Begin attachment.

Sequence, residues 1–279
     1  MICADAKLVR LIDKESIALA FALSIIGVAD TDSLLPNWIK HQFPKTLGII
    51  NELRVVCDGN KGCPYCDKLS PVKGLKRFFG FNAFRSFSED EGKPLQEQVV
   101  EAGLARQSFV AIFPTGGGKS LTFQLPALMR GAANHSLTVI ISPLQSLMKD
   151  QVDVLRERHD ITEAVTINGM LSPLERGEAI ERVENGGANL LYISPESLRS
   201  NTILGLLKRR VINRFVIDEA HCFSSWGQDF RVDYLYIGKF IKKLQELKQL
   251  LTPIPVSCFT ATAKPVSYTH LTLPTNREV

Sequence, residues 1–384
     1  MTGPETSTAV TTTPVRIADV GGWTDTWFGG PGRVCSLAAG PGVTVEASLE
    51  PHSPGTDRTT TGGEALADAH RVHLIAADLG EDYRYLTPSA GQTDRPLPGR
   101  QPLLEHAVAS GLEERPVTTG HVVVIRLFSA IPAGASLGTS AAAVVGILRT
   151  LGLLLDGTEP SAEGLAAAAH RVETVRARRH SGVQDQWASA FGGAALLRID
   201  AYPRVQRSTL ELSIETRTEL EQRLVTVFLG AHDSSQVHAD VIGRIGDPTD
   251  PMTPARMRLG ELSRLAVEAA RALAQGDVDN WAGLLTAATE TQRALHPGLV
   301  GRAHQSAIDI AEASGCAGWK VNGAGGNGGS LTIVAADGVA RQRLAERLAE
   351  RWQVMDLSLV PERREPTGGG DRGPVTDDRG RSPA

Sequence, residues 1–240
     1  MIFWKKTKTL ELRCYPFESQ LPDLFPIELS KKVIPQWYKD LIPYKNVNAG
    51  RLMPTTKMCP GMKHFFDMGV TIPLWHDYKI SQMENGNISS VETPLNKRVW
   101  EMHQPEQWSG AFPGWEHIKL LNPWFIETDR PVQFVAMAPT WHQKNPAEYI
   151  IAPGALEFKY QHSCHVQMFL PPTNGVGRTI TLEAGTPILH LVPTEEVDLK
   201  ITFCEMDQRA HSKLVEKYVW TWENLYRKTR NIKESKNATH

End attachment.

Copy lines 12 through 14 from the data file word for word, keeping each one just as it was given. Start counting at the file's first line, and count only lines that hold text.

   151  LGLLLDGTEP SAEGLAAAAH RVETVRARRH SGVQDQWASA FGGAALLRID
   201  AYPRVQRSTL ELSIETRTEL EQRLVTVFLG AHDSSQVHAD VIGRIGDPTD
   251  PMTPARMRLG ELSRLAVEAA RALAQGDVDN WAGLLTAATE TQRALHPGLV